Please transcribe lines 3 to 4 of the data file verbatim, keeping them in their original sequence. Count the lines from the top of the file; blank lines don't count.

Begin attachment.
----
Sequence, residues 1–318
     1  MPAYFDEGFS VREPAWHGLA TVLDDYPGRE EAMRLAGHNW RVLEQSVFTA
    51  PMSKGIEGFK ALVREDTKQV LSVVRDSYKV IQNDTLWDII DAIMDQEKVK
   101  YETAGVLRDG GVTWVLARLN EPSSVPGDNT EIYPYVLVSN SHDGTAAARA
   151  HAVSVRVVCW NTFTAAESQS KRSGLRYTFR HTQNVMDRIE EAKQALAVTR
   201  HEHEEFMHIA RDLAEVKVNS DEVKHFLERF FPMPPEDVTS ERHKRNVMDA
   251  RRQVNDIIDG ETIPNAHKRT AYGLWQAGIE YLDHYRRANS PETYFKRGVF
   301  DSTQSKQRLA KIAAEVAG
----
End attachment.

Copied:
    51  PMSKGIEGFK ALVREDTKQV LSVVRDSYKV IQNDTLWDII DAIMDQEKVK
   101  YETAGVLRDG GVTWVLARLN EPSSVPGDNT EIYPYVLVSN SHDGTAAARA